Some product supplies still remain tight, while others are in plentiful supply. Still, Wintemute doesn’t expect COVID-19 to disrupt supplies as much as increased Chinese regulation did.

Land values uncertain

by Bill Spiegel

Farmland seems to be a stable investment in what has become an unstable investment world. Landowners will continue to appreciate that land can be a stabilizer in their portfolios, remaining strong even when the stock market loses value, says Dennis Reyman of Stalcup Agri Service of Storm Lake, Iowa.

The most recent land sale season ended before COVID-19 hit farm country, adds Reyman, who is also president-elect of the American Society of Farm Managers and Rural Appraisers.

Most landowners prefer to sell farmland in the fall, after harvest and when farmers have cash in their pockets. Reyman, however, thinks the impact of COVID-19 uncertainty on crop and livestock prices could cause land values to soften. “If they’re thinking about selling land, I may suggest holding off a few months. I wouldn’t sell land unless I had to.”

Bob Thummel agrees. The Beloit, Kansas, auctioneer held two land sales in early March, both of which brought better-than-expected prices. Then, COVID-19 hit. It’s a challenge unlike anything he’s seen in four decades of auctioneering. “We’re in different times now,” he says.

Swine Industry Struggles

by Betsy Freese

Of all ag segments, the swine industry took a brutal body block from COVID-19 shutting down packing plants. This resulted in both short- and long-term impacts to the pork industry, says Iowa State University ag economist Dermot Hayes. The swine industry will never be the same after the pandemic.

Hayes weighs in on the implications, starting with changes to the packing industry, where he expects the following trends.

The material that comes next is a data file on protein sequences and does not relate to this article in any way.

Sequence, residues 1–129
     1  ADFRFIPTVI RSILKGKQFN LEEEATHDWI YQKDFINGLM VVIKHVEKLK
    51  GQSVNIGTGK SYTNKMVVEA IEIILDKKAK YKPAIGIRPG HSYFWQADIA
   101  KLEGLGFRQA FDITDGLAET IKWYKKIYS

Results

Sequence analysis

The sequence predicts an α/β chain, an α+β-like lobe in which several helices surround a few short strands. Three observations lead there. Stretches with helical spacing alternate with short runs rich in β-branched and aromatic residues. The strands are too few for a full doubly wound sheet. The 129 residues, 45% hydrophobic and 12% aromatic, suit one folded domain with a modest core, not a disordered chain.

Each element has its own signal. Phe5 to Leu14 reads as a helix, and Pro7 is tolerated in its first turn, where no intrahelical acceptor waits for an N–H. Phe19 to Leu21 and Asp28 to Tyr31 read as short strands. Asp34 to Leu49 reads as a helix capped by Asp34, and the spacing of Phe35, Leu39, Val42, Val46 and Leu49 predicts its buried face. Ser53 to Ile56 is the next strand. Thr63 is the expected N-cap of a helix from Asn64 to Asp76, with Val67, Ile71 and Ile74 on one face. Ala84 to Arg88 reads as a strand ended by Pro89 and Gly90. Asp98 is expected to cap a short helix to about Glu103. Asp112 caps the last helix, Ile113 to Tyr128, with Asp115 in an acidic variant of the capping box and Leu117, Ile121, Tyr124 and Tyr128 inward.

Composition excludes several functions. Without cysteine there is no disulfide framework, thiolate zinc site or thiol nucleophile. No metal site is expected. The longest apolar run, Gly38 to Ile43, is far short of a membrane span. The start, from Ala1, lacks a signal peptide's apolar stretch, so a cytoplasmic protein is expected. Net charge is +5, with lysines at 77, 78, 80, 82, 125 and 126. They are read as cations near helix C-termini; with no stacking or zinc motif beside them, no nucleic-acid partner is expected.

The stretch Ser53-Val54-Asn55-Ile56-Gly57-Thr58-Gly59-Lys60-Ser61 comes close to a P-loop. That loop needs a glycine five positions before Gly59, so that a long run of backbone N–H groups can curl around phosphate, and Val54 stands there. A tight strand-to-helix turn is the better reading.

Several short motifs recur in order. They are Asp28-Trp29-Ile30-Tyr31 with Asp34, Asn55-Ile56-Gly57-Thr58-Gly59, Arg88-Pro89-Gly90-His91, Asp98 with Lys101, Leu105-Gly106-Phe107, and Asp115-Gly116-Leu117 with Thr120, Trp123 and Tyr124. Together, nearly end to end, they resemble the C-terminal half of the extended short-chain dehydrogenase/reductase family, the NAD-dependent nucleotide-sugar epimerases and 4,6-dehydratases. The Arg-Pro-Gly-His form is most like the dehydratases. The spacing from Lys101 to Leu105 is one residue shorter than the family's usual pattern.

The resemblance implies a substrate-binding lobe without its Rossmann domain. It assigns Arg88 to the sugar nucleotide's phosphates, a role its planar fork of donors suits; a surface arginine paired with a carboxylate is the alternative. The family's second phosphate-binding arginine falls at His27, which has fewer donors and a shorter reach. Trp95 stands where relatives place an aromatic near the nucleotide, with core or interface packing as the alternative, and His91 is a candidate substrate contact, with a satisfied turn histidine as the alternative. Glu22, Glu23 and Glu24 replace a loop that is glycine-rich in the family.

• More robotics. This trend has already started in new plants and will accelerate.
  • Slower line speeds. The packing industry was designed for maximum efficiency and low cost, says Hayes. “We didn’t develop it for resiliency, and it has broken down. In the new world, we are going to have more labor at points in the chain and lower line speeds.”
  • Better labeling of product. There were a lot of packages of bacon headed for restaurants with a label saying, “Not for Retail Sale,” says Hayes. “We will find a way to get rid of permanent labels.”
  • More flexibility. For example, the lines that pack bacon will more easily convert from 15-pound packs to 3-pound packs.
  • More split carcasses heading to export. One way to get rid of a backup of market-ready hogs could be to kill them in the plants, split the carcasses, and ship those to China, says Hayes.

Long-term impacts from COVID-19 on the production side include the following.

  • Producers going out of business and further consolidation. “There is money outside of agriculture that could buy barns for pennies on the dime, so I think we will see a whole new round of consolidation and movement to even bigger companies,” says Hayes.
  • Independents are at risk. “With the closure of several plants, the remaining plants will earn good money on exports and in retail,” says Hayes. It’s the independent specialized sow owners whose only source of income is pigs (with contracts based on the negotiated price) who are most at risk.
  • More Asian companies owning U.S. hog farms. This pandemic could accelerate the trend. “The Chinese have decided that their own country is too crowded with pigs, so they are going to buy production systems in countries that have more space.”
  • More contact tracing of pigs and workers.

Digital seed business expands

by Gil Gullickson

Compared with chemicals, seed shouldn’t suffer from potential of COVID-19- induced disruptions. “Seed is a completely different animal, because it’s much more based on local production,” says Tim Glenn of Corteva Agriscience. “We do have some production in South America. A lot of that is for producing parent seed or for producing new hybrids that we are evaluating, so the impact on our commercial lineup is quite limited. We don’t see any disruptions related to South American seed production.”

Where differences will result due to COVID-19, though, are interactions with customers. “COVID-19 is a terrible thing, but, at the same time, it has taught us to do things differently,” says Jim Hedges of WinField United. “There will still be business done face-to-face, but I think digital interaction will increase significantly. There is a certain segment of growers who will embrace a virtual experience.”

Dampened corn consumption

by Mike McGinnis